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It's almost universally considered easier to get into surgical residencies in Canada than the US. Afterwards, many Canadians do go to the US because of better employment opportunities. This is especially true in ortho. The MLE scores needed for residencies like ortho and plastics are very high - most Canadian med school do not have curriculums which are compatible with great MLE success (nor dedicated time for MLE studying). H1B is a visa that can lead to residency and immigration, whereas J1 is more of a student visa (which means in general one must return to Canada). H1B visas require completed MLEs. Many programs sponsor J1 visas.

Thanks for the reply Calcan! Aside from MLE scores however, are CMGs looked at equally when compared to AMGs (once VISAs are factored in). I understand that we are not considered IMGs, but I don't really understand where that places us if we want to apply for a residency in the US. 

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Thanks for the reply Calcan! Aside from MLE scores however, are CMGs looked at equally when compared to AMGs (once VISAs are factored in). I understand that we are not considered IMGs, but I don't really understand where that places us if we want to apply for a residency in the US. 

 

 

I think it depends on the program to some degree.  School reputation and US electives would probably help (McGill and UofT grads likely get a reputation boost).  Here is a link that summarizes what program directors look for across specialties.  I would suppose that CMGs are in general somewhere in the middle of AMG and IMG - links here and here give outcomes by status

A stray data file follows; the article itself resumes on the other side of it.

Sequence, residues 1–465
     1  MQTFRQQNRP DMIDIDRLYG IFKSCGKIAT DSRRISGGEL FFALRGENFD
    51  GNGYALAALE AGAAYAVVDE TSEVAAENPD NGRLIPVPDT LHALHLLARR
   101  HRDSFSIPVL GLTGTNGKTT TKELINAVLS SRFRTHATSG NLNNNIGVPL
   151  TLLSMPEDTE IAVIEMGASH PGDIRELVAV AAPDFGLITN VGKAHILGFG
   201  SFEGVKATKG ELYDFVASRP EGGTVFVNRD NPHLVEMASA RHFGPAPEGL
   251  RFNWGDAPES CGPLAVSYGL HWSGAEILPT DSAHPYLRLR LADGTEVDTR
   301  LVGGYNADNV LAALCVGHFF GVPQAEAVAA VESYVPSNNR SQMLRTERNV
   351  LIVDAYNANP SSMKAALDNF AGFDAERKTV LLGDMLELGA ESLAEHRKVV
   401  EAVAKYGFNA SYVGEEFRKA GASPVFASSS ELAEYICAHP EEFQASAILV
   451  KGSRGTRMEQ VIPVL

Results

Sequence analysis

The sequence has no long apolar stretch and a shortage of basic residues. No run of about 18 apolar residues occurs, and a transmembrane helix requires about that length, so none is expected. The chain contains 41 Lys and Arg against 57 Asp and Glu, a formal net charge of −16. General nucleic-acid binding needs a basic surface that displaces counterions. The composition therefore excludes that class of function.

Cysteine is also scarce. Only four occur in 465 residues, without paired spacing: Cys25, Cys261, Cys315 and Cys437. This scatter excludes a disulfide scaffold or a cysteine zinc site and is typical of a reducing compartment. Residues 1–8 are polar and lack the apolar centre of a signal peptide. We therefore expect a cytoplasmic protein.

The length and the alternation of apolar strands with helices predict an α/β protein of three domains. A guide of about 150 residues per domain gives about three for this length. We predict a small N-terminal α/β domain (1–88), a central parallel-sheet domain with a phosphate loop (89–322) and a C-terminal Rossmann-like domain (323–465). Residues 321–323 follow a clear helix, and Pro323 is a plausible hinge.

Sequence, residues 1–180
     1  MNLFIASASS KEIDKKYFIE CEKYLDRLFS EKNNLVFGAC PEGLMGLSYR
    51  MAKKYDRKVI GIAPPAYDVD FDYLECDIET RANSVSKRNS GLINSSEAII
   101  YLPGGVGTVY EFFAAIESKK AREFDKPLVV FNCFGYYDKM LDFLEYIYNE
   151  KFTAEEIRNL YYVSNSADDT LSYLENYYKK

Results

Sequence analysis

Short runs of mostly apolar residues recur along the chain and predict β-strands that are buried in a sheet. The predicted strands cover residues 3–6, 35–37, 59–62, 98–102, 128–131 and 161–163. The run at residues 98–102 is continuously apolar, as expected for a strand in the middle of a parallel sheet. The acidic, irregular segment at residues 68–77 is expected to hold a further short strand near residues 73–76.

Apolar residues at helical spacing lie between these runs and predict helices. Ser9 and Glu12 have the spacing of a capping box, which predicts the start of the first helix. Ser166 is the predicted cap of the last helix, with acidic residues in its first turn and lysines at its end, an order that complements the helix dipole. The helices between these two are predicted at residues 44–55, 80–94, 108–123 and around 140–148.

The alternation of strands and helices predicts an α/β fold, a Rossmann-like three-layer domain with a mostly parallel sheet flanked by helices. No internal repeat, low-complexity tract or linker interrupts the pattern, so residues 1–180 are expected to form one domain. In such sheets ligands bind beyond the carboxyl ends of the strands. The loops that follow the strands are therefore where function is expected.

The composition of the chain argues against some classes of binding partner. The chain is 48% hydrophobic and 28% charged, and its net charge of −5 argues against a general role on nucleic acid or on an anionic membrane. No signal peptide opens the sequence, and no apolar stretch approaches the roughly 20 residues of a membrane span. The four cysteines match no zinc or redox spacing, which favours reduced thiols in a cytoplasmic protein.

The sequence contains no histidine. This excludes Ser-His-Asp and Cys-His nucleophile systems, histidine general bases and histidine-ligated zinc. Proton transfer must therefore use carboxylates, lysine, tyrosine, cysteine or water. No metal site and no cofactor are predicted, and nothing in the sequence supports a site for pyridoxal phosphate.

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It is very, very difficult to obtain a H1B visa as a CMG.  Let me explain.

 

One of the prerequisites for applying for a H1B visa is to have passed the USMLE Step 3.  However, you cannot apply to write the USMLE Step 3 until after you graduate from medical school (so May to early June for most people in Canada).

 

It takes four weeks to receive your score for the USMLE Step 3.  Following that, the theoretical minimum time it takes for a H1B petition to get through and be approved is two weeks - however, recently (since last year or so) it has taken months for US Immigration to process H1B petitions.  Yet, to start residency on a H1B you'll need to have in your hands by July 1 at the very latest, if not mid-late June since many American residency programs start that early.

 

Which means it is basically impossible to obtain a H1B visa as a CMG.  Unless you take a year off after graduation or apply as a Canadian resident.  Graduates from US medical schools can get around this because they can do their internship year on their student visa, and use that year to get through the H1B application process.

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What if you get H1B premium processing time? Wouldn't that help. From what I understand, you can get it processed in 15 calendar days.

 

This is highly unlikely to happen. And most people can't just afford to sit a year out twiddling their thumbs.

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This is highly unlikely to happen. And most people can't just afford to sit a year out twiddling their thumbs.